It happened many weeks ago, but today is the first I’d heard of it. Striking, isn’t it, that I found it on a military blog? Blackfive is indispensable. The post from which the news comes addresses the immediate pounce from Iglesias, proclaiming the surge a failure because al Qaeda leaders ran from Baqubah. That conclusion also appears in the Washington Post and the New York Times. Blackfive insists, I think correctly, that leaders running away from a showdown with the infidel enemy is not winning strategy on their part; quite the contrary, in fact. Nothing is so dispiriting to an army as the sight of their “commanders” hightailing it out of town, shouting over their shoulders, “victory is certain, go get ’em, mohammed!”
But the big news, perhaps even revolutionary news, in that post is this:
As soon as DefendAmerica.mil has the transcript up, I’ll have a conversation to post with MNF-I’s command chaplain, on the recent religious congress in Iraq, which united to condemn al Qaeda and extremist violence. It happened to finish up on the morning of the latest Samarra bombing.
The clerics were together to call Iraqi media, and get out in front in calling for their followers to avoid violence and revenge. Hear about that on the news? Well, you’ll hear it here.
Who put that conference together? The United States of America’s Department of Defense. Who asked for it? The Iraqi clerics themselves — they sought out our chaplains, respecting them as fellow holy men. DOD hasn’t learned anything about dealing with the local culture? They’ve learned enough to engage them, and put up the cash for a congress of this sort, complete with the security needed to get the leading religious figures together in Iraq
This “religious congress” deserves our attention. Bigtime. From the very beginning of this war, smart people have insisted that there were many Iraqi clerics who hated the islamists, in no small part because the Iraqi version of Shi’ism–which is the traditional version, as opposed to the heretical vision imposed on Iran by Khomeini and his successors–rejected the notion that religious men should govern political society. It was deplorable that our political leaders in Iraq did so little to work with such imams, whether to discuss the best actions or to protect them from the jihadis. And it is one of the many fascinating ironies of this war that, in this crucial phase, Iraqi clerics came to our religious men in uniform to hold a powwow, to denounce al Qaeda (which is now a brand name for the terrorists, rather than a specific group of killers). And they did it in the name of their faith.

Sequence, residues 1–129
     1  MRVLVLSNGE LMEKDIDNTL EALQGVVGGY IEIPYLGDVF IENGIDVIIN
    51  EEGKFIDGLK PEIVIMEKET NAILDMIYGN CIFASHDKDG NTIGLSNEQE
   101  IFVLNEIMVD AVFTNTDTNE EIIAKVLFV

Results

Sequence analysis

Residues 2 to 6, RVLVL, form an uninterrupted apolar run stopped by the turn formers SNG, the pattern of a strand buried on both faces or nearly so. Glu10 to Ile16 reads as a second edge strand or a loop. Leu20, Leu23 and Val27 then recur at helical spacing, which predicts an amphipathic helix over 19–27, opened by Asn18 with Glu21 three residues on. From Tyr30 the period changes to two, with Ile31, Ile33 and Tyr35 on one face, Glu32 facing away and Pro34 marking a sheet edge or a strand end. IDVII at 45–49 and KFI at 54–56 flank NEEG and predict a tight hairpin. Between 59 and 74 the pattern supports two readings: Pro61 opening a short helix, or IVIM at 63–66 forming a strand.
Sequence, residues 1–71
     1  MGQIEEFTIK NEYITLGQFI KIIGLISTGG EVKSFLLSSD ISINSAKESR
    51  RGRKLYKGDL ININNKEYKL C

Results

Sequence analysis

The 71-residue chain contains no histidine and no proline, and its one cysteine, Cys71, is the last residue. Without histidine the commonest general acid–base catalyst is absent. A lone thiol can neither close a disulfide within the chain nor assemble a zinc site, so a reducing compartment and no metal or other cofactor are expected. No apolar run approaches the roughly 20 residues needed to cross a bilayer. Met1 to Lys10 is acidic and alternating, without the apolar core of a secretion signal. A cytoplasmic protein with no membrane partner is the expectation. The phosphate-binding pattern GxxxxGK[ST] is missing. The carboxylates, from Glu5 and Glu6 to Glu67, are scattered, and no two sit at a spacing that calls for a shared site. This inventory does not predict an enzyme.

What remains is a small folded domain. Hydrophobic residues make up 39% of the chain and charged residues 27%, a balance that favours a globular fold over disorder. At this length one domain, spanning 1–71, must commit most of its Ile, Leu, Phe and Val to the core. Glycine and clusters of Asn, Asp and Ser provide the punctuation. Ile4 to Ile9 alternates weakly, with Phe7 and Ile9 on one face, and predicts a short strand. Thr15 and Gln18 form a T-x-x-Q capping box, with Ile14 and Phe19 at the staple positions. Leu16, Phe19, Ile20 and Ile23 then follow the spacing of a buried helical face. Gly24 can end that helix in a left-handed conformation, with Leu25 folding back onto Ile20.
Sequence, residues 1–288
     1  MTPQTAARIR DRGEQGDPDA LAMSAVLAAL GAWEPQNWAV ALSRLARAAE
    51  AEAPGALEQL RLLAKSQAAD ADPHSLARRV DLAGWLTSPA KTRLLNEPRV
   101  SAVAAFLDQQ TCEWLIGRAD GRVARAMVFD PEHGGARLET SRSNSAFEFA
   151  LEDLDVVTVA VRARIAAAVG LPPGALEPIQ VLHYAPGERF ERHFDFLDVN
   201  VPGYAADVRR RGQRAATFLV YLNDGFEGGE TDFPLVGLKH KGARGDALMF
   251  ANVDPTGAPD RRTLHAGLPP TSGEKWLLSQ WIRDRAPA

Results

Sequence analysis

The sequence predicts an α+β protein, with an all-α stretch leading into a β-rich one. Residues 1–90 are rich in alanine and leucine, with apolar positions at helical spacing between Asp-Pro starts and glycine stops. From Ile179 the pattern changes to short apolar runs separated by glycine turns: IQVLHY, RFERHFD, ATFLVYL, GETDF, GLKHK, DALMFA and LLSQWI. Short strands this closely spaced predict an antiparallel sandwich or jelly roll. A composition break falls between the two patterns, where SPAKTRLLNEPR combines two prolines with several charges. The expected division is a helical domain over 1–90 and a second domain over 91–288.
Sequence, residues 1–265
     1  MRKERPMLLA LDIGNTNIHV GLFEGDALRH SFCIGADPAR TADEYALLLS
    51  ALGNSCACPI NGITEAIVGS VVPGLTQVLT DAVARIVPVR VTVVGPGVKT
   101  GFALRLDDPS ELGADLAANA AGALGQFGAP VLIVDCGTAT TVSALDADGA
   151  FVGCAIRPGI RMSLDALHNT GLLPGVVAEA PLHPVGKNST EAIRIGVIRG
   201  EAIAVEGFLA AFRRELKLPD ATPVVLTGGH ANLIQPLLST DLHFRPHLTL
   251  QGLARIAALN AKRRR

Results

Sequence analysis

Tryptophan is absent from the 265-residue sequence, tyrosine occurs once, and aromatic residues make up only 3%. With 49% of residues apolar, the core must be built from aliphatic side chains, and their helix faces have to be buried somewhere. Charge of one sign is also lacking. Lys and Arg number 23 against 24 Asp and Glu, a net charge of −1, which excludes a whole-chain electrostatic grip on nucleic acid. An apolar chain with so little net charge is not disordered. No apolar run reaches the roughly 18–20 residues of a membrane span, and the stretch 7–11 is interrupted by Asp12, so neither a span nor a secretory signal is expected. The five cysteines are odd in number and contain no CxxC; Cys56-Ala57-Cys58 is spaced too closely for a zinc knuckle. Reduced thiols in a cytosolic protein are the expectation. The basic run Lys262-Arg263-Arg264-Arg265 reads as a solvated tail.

For those who like to look at these events in a broader context, please notice that the traditional Shi’ite doctrine has some similarities with our insistence on separation of church and state, and that the war against the terror masters in Iran has some similarities with the Western wars against European religious absolutism. One of the great blessings of America is that most of the colonists, and most all of the founders, insisted that religion had to be a free choice. Indeed, Tocqueville rightly said that separation of church and state made American religion the most genuine and most successful of any religion in the West, and he called on his European confreres to take it to heart.
There are Muslims who share that conviction, including at least some with famous names. A couple of years ago, the grandson of Ayatollah Khomeini came to Washington and openly stated that Shi’ism required freedom of religion, as well as freedom of non-religion, precisely because a truly religious person had to freely choose to be religious, and it was entirely understandable that a person might freely choose to be non-religious, even anti-religious.
The “religious congress” in Iraq strikes me as enormously important. I can’t wait to read the transcript, I urge everyone to watch for it and ponder its significance. I hope that the hunting pack that is so eager to declare the war lost and the surge failed will do likewise.